[June 18, 2015] Today I have completed 58 years of life upon the earth after having emerged from the darkness and warmth of my mother’s womb. I was born a girl but because of the appearance of male genitalia I was declared a boy and treated that way. It was confusing, and that discrepancy between inner and outer turned me away from the society of men. I withdrew and sought refuge, inwardly in the comforts and longings of spirituality, and beyond the devastation of men in nature and the wilderness, where I contented myself in solitude with her company.
The most prominent fact of my life right now is my outward transitioning, transitioning the appearance to both myself and the world around me of my gender. I will no longer deceive you and torment myself: I am a woman, as I have always been before. I grew up a girl, though I was raised and trained as a boy; and I grew up a young lady, though my body and mind were poisoned and wracked by the devastating effects of testosterone and I was cut off from what a young lady learned. Knowing little now about the ways of womanhood—though even less of the ways of men!—I have a long journey ahead of me as I seek to relax into who I am. I broke through my shame in December of 2013 and stopped the ravages of testosterone in April of 2014; I have been living fulltime as a woman since April of 2015.
Transitioning is difficult and painful and it releases and, at the same time, requires a tremendous amount of energy. I do not wish to dwell on my losses, though this is a dying and birthing process. There is not only what is coming into the world (what has been there, though painfully shy and ashamed), but what I am putting down—all that has been toxic to me. In doing so, I am not always understood. My wife is devastated; and though she does not know this, I am devastated by her devastation. She entered a relationship with me and thought she understood the terms of that covenant: she would be the woman and I would be the man. For me the covenant was between persons, not roles. But neither of us get to have things our way. We both might have to pay the price.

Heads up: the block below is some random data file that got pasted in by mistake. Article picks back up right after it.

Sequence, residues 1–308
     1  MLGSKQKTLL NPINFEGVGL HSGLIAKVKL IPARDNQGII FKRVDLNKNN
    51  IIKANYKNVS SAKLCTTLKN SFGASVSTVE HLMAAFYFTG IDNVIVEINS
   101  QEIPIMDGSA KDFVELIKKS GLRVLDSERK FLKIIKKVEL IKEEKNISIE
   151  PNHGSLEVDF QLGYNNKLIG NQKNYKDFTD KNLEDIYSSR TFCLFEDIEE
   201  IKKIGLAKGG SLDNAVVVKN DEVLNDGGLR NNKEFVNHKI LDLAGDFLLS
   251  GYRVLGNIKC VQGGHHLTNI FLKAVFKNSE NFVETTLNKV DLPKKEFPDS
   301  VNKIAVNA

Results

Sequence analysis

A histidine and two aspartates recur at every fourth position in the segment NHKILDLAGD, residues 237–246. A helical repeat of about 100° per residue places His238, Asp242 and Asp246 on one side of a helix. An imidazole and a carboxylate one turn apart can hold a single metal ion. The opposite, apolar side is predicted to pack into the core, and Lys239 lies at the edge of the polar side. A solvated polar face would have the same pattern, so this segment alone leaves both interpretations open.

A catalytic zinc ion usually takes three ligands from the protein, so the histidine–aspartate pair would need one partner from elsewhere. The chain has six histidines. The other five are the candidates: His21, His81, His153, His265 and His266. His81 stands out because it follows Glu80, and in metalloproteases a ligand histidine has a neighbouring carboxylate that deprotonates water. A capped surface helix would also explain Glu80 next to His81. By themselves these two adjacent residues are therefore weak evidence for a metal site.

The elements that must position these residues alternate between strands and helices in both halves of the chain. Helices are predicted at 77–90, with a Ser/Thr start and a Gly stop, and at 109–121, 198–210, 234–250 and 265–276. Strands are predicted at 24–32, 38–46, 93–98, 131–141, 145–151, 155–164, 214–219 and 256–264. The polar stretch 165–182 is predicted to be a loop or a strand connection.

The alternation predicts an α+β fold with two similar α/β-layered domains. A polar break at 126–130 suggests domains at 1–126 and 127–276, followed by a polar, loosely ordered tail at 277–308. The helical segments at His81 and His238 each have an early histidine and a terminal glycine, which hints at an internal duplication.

Presently I am in the process of changing my name. It was Peter Eric Strand. I have chosen Petra Aleah Strand. Aleah is the word Jews use for returning up to the Land of promise. It also refers to the person who rises up to the bema to recite the blessing before the reading of the Scriptures. And last, it refers to someone ascending to God. It is also a beautiful female name, one which in Arabic refers to a highborn woman, a princess even. I seem no princess, but I am highborn and an heir to the only kingdom and wealth that matters.
Gender matters, though we know it not because we take it so much for granted, but it matters like food and water and air. But it is also something that is settled. I’m not changing genders, only how I present myself to the world, and to myself. I suffered gender dysphoria all my life until now; now I don’t.
At age 58, what matters the most to me? What makes my life meaningful and gives it meaning? That I am a sinner, living under the awful judgment of the reality—the holiness–of the divine, and I am loved and pardoned and redeemed, made God’s own child, an heir to the divine nature. That is what matters.
Nature surrounds us and is our very substance. We are not the subject and she the object: there is no place outside of her from which we can look at her—except in our sin. No, she is inseparable from us, though she can go on without us. She, however, is real—present—to us, and it exposes the distraction of our minds that we are not impressed by that. I suppose that nature is radiant with presence, but we only capture what can stimulate our dull senses. Our senses are not dull by nature but by their dis-use on account of the severe distraction of our minds: we do not pay attention. Perhaps they are adequate to the task, if our consciousness were only more awake. Nevertheless, nature would be radiant with presence, and one day we will see her glow. If nature, however, in the unique particularities of time and space, is present, so is the divine with whose eternal omnipresence nature radiates. God is even closer than the leaves and the dirt and my own skin and flesh.